The Student Lead­ership course held in August trains student leaders in building campus com­munity. Student Activ­ities Board | Instagram

Solving problems in the dorm is part of the Res­ident Assistant job description. But this August, Hillsdale College RAs and other student leaders went a step further.

Every January and August, student leaders including RAs, sports team cap­tains, and student security employees spend six days taking an inter­dis­ci­plinary course called Theory and Appli­ca­tions in Respon­si­bility and Lead­ership at the college’s Rockwell Lake Lodge in Luther, Michigan. The course included a group project to brain­storm ideas for campus improvement, like a student-athlete support system and a supper club.

Stu­dents also brain­stormed how to make Hillsdale College “the best version of itself,” said Exec­utive Director of Career Ser­vices Ken Koopmans.

At the workshop, Koopmans and other Hillsdale staff members encouraged stu­dents to focus “on the topics they’re pas­sionate about” and taught them to dig into a “root cause analysis.”

Vice Pres­ident of Hillsdale’s Dow Lead­ership Center Jack Oxen­rider started Student Lead­ership Weekend in the fall of 2005. At the time, it was an off-campus lead­ership training for business exec­u­tives. The course was refitted for Hillsdale student leaders after Dean of Women Diane Philipp attended the program and knew that Hillsdale’s student leaders would benefit from the knowledge it offers, according to Assistant Dean of Women Rebekah Dell.

When Oxen­rider retired, he asked Dell, then a senior and Suites Res­i­dence RA, to serve as coor­di­nator of the first Student Lead­ership Weekend in 2005.

Man­aging the social dynamics of 1,500 stu­dents is daunting for a few dozen peer leaders. Sophomore and swim team member Katherine Heeres nar­rowed her focus to strengthen the group she knew best: female ath­letes. Two swimmers, two tennis players, and a hurdler are now working to establish the Student-Athlete Support System, or SASS.

“We’re focusing on trying to connect student-ath­letes with all the ser­vices the college has, because we feel like there’s a lot of igno­rance in the ath­letic com­munity about Career Ser­vices, the health center, coun­seling, sports psy­chology, that sort of stuff,” Heeres said.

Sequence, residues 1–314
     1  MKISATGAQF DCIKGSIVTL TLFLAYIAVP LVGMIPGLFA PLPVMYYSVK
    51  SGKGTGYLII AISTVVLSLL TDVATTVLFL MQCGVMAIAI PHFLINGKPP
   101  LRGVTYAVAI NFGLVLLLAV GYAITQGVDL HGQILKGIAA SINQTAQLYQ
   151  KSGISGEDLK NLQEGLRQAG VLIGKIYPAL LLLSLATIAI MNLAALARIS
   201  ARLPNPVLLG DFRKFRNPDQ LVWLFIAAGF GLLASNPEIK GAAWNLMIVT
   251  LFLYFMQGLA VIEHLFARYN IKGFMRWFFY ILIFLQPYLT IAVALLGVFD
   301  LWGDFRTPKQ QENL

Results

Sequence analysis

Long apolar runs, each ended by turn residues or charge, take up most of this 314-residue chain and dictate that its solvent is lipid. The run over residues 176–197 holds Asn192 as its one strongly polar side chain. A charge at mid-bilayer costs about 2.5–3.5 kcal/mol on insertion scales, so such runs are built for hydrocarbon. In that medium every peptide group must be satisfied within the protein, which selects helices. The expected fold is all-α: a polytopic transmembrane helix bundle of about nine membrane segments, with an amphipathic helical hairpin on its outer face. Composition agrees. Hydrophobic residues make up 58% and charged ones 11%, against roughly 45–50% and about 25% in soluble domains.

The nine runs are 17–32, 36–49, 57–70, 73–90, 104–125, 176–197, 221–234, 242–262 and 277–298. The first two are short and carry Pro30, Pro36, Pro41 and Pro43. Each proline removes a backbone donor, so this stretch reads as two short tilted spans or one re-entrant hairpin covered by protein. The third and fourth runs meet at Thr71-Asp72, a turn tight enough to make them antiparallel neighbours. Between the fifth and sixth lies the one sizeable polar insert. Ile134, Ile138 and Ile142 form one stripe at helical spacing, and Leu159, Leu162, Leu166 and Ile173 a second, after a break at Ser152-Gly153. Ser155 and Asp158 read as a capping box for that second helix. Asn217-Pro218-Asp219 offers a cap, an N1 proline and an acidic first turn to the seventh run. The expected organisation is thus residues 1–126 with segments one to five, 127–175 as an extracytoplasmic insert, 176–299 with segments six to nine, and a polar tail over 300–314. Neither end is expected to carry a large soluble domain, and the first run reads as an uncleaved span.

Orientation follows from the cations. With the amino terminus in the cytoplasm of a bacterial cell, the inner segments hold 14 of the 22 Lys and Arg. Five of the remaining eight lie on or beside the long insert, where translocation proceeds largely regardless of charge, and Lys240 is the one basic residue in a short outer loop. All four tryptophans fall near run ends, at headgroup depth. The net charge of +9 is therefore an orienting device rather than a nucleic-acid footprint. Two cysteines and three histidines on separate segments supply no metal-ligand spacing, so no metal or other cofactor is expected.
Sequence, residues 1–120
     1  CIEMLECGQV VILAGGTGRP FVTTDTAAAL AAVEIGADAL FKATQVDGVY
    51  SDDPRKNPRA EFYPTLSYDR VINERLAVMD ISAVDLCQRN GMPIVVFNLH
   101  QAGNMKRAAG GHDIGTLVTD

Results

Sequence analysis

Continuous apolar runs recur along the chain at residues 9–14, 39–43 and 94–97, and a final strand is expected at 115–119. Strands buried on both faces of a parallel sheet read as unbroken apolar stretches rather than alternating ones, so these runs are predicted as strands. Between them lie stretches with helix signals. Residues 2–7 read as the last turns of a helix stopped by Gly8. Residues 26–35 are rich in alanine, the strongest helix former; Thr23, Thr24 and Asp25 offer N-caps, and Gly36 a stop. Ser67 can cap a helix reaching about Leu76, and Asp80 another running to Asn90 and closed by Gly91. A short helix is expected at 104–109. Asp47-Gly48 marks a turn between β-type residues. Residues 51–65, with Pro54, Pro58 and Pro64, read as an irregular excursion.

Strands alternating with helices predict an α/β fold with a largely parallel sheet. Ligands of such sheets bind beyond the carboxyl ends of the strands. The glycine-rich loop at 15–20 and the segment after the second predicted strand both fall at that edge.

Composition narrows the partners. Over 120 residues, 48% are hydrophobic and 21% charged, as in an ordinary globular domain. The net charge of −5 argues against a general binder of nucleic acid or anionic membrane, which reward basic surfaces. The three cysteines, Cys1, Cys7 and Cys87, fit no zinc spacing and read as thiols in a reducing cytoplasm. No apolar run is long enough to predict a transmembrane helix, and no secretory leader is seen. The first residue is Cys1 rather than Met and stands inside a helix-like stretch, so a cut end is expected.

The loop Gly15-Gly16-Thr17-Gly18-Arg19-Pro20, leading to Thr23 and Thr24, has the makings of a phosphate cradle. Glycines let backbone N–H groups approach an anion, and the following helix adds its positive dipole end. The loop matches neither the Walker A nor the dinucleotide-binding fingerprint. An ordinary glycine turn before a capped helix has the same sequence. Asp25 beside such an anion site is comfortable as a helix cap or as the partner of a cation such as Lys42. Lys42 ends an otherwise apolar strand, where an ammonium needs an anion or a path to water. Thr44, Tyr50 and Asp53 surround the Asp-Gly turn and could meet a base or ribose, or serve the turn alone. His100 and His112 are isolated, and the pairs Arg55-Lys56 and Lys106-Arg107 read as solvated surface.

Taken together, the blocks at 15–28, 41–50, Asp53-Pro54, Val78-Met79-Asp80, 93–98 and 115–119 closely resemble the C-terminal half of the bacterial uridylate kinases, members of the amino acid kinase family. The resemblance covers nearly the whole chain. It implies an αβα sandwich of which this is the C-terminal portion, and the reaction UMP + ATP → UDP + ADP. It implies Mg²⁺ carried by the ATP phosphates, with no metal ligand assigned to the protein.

The stu­dents from this summer’s lead­ership class also tackled a more basic divide — the divide between men and women — with inter-dor­mitory dinner clubs. Simpson, Gal­loway, and other res­i­dences planned to host the women of Olds Res­i­dence for home-cooked dinners, to return the hos­pi­tality of Olds girls who often share their kitchen with under­classmen.

Dell sees these dor­mitory dinner clubs as an oppor­tunity to develop healthy rela­tion­ships between men and women in “a family-like envi­ronment.”

Senior Josh Bailey, head RA of Simpson Residence’s south side, said he would love to see the dinners happen but is skep­tical about the logistics.

“So many of these ideas are so good, and I’d love to see them happen,” he said, but added that “you have a finite amount of time to work with.”

Bailey also serves as the CEO of A Few Good Men and a member of Omicron Delta Kappa. He said he has a full plate already.

Bailey said his takeaway from the weekend was improved rela­tion­ships.

“I ben­e­fited most from con­necting with other head RAs and other leaders across campus, because that dia­logue has con­tinued,” he said.

Bailey and his fellow head RAs made a Facebook group chat bridging dif­ferent dorms, as well as the ath­letes and non-ath­letes.

The men of Simpson usually walk down to the home football games together, but for the first football game this year, Bailey coor­di­nated with the head RAs from other dorms to assemble a group of res­i­dents from each dorm to walk down to the stadium together. He said the turnout was incredible.

“The student section was huge, and the walkdown was enormous,” he said, “The biggest I’d ever seen.”

Though this year’s supper club project hasn’t mate­ri­alized, and the Student Athlete Support System is still in its infancy, the rela­tion­ships forged at Student Lead­ership Weekend have endured, and student leaders are taking action.